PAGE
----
This study proposes the novel idea of implementing a decision support system (DSS) based on both the prevalent MEAN architecture and the R statistical language platform. A ‘MEAN+R’ framework is defined, and the effectiveness of this framework is verified by taking it as the basis for the implementation of a real user-side, web-based, multi-participant DSS supporting a group decision-making process of quasi-senior people, pertaining to the selection of the best and commonly-agreed senior center for co-living after retirement. The ‘model base’ of the DSS is a recent MADM model evaluating the criteria-wise source opinions of the decision makers (DMs) toward alternatives in terms of intuitionistic fuzzy numbers (IFNs), but within the model the original multi-objective decision-making (MODM) phase to determine whether the criteria weight vector (CWV) has been replaced with another well-accepted MADM model, which is the AHP. This ensures not only unified grounds for modelling, but also a coherent implementation basis for the MADM model in R. The outside Node.js programs access the ‘data base’ of the DSS managed using MongoDB and will invoke the R-written ‘model base’ codes while necessary. Then, the R program also interacts with the ‘data base’ to exchange the information relevant to the decision from/to users. An illustrative numerical group decision example supported by this DSS is provided, and an efficiency analysis is made by listing the time spent on both data and model bases separately and clearly, while excluding the other processes of the DSS. A key finding is that the computational time can be controlled when incorporating the vector-based R platform, i.e., it leaps forward to the next level only when the size of the problem increases to a certain extent. Finally, since the realized DSS is intended to face end users of the healthcare system (rather than the business-oriented service providers, e.g., hospitals, physicians, nurses, etc.), it may provide some supplement to healthcare decision support (rather than solving other types of problem, such as clinical decisions).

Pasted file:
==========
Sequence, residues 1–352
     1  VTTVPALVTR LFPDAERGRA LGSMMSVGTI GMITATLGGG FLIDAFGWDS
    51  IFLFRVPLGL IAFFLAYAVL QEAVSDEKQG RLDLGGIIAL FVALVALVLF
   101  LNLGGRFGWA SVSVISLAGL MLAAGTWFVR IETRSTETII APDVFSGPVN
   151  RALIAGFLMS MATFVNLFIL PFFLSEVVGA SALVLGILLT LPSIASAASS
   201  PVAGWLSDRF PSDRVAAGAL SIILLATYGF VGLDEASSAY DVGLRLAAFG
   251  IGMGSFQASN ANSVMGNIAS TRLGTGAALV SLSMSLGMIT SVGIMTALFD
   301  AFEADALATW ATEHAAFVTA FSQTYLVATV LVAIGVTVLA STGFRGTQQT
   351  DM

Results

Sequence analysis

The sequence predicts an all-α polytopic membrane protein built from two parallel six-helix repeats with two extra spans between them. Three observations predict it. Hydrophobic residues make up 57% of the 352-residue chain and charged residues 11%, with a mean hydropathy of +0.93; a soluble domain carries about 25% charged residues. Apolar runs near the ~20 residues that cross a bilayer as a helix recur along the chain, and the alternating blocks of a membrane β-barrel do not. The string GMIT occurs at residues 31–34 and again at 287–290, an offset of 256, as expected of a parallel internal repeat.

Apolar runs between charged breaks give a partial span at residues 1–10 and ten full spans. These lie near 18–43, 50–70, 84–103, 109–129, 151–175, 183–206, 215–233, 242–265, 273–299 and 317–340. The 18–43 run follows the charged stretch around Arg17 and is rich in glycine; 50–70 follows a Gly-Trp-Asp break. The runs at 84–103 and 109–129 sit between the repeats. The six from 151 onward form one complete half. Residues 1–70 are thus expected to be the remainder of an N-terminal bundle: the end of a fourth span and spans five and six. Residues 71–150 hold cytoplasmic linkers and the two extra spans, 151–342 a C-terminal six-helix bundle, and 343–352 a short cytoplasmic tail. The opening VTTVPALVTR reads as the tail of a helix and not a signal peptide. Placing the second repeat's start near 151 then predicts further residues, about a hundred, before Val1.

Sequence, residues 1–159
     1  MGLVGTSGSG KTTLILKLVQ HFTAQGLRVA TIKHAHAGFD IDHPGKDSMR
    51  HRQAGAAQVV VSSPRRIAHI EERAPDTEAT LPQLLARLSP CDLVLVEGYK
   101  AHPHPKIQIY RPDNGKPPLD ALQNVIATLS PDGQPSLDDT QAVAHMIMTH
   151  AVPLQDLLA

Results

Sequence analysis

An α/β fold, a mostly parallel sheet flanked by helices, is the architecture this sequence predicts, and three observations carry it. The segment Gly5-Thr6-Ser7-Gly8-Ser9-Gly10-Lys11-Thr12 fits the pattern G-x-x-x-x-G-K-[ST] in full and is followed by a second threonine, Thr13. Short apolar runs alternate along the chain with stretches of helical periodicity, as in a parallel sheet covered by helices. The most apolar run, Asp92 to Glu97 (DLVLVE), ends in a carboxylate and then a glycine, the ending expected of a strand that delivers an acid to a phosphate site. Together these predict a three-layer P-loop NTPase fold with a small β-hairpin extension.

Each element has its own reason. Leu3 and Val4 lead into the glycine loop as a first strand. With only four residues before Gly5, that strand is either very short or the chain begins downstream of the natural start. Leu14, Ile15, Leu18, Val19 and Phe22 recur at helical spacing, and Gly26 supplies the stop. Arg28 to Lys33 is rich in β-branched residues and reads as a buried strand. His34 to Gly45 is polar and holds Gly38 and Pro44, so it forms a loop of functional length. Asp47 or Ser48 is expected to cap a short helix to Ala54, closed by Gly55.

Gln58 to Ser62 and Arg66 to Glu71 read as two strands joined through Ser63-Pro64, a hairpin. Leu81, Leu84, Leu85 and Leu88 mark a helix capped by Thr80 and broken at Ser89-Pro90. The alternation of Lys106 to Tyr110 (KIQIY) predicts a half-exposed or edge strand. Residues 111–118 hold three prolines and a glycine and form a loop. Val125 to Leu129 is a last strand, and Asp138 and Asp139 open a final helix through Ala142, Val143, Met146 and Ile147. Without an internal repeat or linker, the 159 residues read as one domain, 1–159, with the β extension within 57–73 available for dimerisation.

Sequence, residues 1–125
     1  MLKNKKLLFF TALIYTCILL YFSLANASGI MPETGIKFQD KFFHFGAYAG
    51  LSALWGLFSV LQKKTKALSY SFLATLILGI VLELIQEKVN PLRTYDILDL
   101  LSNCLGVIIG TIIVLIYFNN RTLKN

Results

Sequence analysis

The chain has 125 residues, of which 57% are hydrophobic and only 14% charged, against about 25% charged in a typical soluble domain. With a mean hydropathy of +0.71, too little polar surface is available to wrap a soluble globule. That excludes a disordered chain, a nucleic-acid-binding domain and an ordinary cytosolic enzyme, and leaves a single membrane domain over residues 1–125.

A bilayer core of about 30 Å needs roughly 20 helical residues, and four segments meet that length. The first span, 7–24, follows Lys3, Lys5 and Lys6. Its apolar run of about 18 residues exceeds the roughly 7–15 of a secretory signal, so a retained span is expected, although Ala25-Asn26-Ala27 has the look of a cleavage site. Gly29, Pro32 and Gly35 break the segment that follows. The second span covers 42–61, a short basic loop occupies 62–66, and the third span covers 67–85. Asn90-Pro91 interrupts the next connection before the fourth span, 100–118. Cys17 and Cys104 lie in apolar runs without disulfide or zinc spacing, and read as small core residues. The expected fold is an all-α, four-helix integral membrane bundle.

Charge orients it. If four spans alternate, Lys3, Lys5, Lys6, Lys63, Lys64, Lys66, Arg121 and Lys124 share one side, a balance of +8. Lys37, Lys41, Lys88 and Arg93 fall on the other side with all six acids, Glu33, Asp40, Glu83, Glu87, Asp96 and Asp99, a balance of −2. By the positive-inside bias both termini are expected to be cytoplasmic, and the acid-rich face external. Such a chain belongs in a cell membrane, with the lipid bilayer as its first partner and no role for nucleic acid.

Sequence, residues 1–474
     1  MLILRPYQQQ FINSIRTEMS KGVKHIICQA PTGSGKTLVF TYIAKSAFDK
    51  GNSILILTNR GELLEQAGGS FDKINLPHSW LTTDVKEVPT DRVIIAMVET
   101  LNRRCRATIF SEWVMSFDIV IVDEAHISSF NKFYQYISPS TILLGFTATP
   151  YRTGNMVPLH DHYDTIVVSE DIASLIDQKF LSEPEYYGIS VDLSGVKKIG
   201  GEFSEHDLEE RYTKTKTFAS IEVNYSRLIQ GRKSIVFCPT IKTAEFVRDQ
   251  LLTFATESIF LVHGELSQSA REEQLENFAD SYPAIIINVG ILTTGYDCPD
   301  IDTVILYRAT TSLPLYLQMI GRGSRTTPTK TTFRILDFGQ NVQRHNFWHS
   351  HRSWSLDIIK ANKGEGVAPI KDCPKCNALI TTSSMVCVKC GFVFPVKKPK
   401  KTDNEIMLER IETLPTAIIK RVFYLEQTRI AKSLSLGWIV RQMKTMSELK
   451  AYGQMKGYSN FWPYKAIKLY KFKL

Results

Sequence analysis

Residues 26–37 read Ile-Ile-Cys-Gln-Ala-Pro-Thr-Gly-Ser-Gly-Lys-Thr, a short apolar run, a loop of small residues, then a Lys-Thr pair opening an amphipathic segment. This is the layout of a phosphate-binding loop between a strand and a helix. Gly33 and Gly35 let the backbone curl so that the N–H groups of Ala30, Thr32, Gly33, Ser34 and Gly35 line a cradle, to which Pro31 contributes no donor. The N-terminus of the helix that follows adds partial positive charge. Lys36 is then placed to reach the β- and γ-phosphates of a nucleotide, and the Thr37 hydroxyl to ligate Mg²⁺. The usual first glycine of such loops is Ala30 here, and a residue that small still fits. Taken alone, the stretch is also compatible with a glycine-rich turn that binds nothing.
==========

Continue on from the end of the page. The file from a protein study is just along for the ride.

ASJC Scopus subject areas